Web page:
Wow! What a week it has been. I have been assigned to write a blog post about arguably the most eventful week this entire semester. I started off spring break excited to leave Chapel Hill behind as I traveled across the world to Greece, and I finished it sick (potentially with COVID-19) and longing to go back to my structured and slightly repetitive dorm life. Don’t get me wrong, I love being home with my family. But, I don’t love the idea of experiencing a pandemic that incites chaos and fear across the globe.
Seeing as we didn’t have class this week, I can’t exactly sum up the past week’s activities in this blog post. I think my time would be best used applying what we have all learned about subcultures in English 105 to my observations of a very important subculture in Greek life, tourism, and the ever present topic in today’s news, the coronavirus. I am hopeful that I can use what we have learned in class throughout the past unit to begin a UP2 Spring Break Edition that is both unique, yet applicable.
As I mentioned previously, I traveled to Greece with my family for spring break. While there, we stayed in the small port city, Chania, for three days. If you know anything about seasons in Greece (because I’m sure you study them in your free time), you know that it is relatively cold there right now, placing the beachy city of Chania in its off-season for tourism. Seeing as tourism is a dominant industry all across the Greek islands, it is safe to classify it as an important subculture in Greek life.
As we walked up and down the port in Chania, it was quite fascinating to see the shells of touristy shops that had yet to open for the up-coming travel season. The sounds of hammers and saws reverberated up and down the streets as merchants busied themselves preparing for their approaching reopenings. On our first day there we took a tour from a local, and she explained the history of the city to us in great detail. I asked questions about the empty shops I had seen along the port, mostly because I was confused as to how the Greek people could shut down their businesses for a majority of the year and still make a living. With each question our tour guide ultimately circled around to a single idea; the people in Greece are able to make a living by only opening their shops during the warm summer months because of the high volume of tourists that travel from across the world to Greece during that time period. She said that the empty waterfront street we were walking down would be impossible to navigate during the summer months due to the overwhelming crowds.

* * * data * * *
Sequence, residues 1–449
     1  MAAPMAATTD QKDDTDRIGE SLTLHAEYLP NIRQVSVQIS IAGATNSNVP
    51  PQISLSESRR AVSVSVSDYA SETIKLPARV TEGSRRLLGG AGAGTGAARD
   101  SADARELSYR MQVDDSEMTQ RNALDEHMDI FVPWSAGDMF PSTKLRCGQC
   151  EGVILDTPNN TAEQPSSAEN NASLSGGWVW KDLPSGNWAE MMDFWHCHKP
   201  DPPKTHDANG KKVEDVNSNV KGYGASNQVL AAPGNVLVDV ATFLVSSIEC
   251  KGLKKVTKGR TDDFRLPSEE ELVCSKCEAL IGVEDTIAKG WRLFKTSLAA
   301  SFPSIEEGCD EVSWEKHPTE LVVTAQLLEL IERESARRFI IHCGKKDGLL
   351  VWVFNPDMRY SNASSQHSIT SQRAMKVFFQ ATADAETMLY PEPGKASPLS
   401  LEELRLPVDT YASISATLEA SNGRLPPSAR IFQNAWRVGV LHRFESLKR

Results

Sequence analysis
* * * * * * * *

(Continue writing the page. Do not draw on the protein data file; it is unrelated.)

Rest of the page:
Now, the connection with COVID-19… Some of you may have seen President Donald Trump’s speech last Thursday night. In that speech, the President made a slight error in saying that he was going to close the borders to the US, without specifying that it didn’t apply to American citizens, only foreign nationals. Well, if your family was in Greece, you may have been woken up at 3 a.m. by family members at home frantically urging you to get home immediately. Within 36 hours of President Trump’s speech, the newly sworn-in president of Greece closed all monuments and public gathering spaces and started spraying tear gas at migrants trying to cross the border from surrounding countries. Like the US, Greece is currently shutting down. But unlike the US, Greece relies almost entirely on tourism to support its economy.
Research Question: How is the COVID-19 pandemic going to influence the subculture of tourism in the Greek city of Chania?
And now… I guess we all have to wait to find out what happens next. There’s no way of knowing what will unfold in this touristy town when the tourists are barred from arriving. Will the pandemic have run its course before the peak travel months? Will tourists feel safe to travel even after the travel restrictions are lifted? Although I can’t continue my observations in a face-to-face setting (as Paul would want me to do), I will do my best to make future observations from a distance.
Similarly, as UNC students and as citizens in general, we are unaware of what is yet to come, and the lasting impacts that the coronavirus will have on our lives. As the next few weeks of the semester unfold, I hope that everyone remains safe and healthy. I also hope that this challenging situation we are facing brings out the good in each of us. As our tour guide introduced us to the local vendors in Chania, I was touched by the sense of family and camaraderie they shared. I hope those same values will surface in the Carolina community as we navigate the end of our freshman year through online classes, move out of our dorms, and cope with the fact that we won’t be reunited with our friends until next fall.